Last week's AdTech conference in New York reminded me of the old joke about fighting alligators - the aim was to drain the swamp. The aim of advertising - of all marketing - is to expand sales and grow the business.
Too many people are looking inside the alligators' mouths these days and forgetting the purpose of the e-commerce exercise. When Wall Street rewards traffic growth ahead of revenue and profit, that becomes understandable. The aim becomes to get people to click somewhere, anywhere - not to click the buy button.
Another piece of John Audette's wisdom is instructive here. The only way to justify a steep Web marketing budget is to base it on the lifetime value of a customer, not transaction volume. Or (if I might paraphrase with a Kennedy accent) ask not how many customers you've screwed, but what you can do for your customers.
Is it any wonder that old media is crowing these days, as Time Magazine did last week in noting how many dot com outfits are buying TV, magazine, and even billboard ads. To old media, this stands as proof that we need them more than the other way around. To me, this is just proof of the bubble.
All this assumes, of course, that everything's been invented, or at least it's being invented now. Once the leaders in a niche have been established - Yahoo in search, Schwab for stocks, etc. - rivals are left to use their ads to batter against the established leader, which can absorb little ideas from rivals and let branding do the rest. The trick on the Internet, however, is to create a new niche. Let Art.Com establish the art niche, then represent the artist. To win the battle against a large rival you don't go against the wide front, you concentrate your attack on a single point.
Then there's the question of what you do with a customer when you get them. Don't hammer them with spam, as CDNow has tried to do. Use the traffic and knowledge they've given you to provide them better service, as Amazon.Com has done. Once you have customers, in other words, the purpose of marketing is to build their loyalty, to expand the relationship, to turn customers into your salespeople. (Have you heard the good news about Amway?. Don't just use greed.) Advertising does play a role in that, reminding your target market of what you've done for them so they'll think before going somewhere else for it.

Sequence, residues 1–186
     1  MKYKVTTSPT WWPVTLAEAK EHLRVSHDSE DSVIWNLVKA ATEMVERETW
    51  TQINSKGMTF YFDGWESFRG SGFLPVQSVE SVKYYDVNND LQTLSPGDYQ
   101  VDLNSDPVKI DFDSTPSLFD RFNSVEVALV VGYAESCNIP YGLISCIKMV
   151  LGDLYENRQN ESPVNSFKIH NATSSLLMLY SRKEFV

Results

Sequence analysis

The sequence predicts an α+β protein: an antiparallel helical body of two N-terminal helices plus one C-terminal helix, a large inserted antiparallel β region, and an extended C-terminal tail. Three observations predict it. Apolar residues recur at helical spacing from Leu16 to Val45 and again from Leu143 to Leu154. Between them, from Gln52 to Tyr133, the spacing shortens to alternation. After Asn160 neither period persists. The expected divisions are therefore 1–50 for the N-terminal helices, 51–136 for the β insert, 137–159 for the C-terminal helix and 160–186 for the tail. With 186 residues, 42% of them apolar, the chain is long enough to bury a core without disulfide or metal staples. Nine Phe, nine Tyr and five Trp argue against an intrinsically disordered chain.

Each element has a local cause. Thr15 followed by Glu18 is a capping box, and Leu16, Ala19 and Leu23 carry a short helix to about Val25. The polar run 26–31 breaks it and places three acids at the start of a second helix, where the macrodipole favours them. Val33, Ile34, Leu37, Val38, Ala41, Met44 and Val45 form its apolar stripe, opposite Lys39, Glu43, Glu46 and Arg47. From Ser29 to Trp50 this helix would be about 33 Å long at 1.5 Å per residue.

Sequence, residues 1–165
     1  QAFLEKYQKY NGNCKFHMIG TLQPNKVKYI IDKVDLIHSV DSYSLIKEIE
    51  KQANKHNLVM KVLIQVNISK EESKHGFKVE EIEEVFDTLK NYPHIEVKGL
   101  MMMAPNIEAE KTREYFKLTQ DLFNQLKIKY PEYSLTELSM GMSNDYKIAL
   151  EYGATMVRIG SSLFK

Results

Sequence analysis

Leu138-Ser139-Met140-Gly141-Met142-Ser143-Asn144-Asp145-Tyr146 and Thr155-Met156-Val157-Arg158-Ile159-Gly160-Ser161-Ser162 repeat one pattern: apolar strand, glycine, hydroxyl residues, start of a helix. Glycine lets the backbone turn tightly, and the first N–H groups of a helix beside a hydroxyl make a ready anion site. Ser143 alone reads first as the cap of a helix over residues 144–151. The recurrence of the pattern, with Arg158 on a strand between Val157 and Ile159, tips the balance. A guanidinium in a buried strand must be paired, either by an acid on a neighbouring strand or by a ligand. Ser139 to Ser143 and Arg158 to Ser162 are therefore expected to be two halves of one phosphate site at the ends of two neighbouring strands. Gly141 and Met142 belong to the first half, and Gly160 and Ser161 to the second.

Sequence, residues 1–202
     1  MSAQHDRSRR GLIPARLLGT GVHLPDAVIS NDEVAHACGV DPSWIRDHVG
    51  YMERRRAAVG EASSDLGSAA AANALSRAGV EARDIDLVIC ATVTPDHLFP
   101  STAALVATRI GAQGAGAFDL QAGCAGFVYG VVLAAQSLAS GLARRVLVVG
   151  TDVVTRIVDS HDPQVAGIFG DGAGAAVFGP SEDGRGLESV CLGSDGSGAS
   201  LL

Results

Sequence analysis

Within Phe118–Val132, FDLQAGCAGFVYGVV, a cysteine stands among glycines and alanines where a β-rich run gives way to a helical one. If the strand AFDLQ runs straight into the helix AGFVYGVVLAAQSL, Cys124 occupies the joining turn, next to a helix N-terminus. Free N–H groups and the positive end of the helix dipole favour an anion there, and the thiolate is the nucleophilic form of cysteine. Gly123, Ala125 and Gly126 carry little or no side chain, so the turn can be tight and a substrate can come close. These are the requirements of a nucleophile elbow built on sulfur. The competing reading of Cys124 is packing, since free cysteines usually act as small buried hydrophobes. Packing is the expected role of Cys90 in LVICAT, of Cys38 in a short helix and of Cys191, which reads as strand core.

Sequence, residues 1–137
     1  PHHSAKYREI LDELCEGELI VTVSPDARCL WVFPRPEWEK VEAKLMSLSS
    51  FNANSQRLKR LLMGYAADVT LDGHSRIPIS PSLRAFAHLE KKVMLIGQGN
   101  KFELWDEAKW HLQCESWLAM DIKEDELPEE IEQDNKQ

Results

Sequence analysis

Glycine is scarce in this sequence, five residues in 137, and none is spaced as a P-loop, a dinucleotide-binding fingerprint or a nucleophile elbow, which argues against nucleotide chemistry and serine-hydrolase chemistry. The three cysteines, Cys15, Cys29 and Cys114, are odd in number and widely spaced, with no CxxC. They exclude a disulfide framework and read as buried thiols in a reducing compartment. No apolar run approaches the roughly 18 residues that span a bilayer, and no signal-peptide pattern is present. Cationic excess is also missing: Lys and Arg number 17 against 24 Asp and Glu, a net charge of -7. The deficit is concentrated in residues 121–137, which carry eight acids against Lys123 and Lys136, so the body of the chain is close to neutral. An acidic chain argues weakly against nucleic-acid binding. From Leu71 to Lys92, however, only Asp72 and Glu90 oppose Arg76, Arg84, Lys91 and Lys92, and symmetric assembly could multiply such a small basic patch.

What we're seeing, instead, is an exercise of "you liked this, you'll like this, too." Making that work requires a connection between the two niches, as Amazon is trying to make with its single database. But that's difficult to make work, as I found out when I tried to sell my science fiction work or political stuff . What is true for a writer is also true for a site - when you change niches you start at the bottom. The key for a site's expansion is to find a common theme between the two niches, and not a connection that works for you but one that works for your customer.
When all this dot com money goes to money heaven, those left standing (without rotted foundations) will be those who've won the loyalty of customers, not those with the best-known brands in their niches. That is the aim of the exercise.
I have begun my adventure at Voxcap.Com, discussing how next year's elections might impact the future of the Internet. I write daily for ClickZ, and appear on TechEdge Radio. I write monthly columns for NetMarketing, Boardwatch, and Intellectual Capital. Once every other month I'm in CLEC Magazine. The lead item here is also the Monday e-commerce column of Andover.News. You can still buy my book . Subscription instructions are at the bottom of each issue.
Remember that it's still journalism that keeps the Clues coming. Give me a call at 404-373-7634. (Yes, I do some commercial writing.) Now back to the show...
Ethics are fine, but ethics don't stop crooks. The line between a crime and a mere ethical violation can also be difficult to discern, especially for someone who thinks they have been victimized, and especially at Christmas.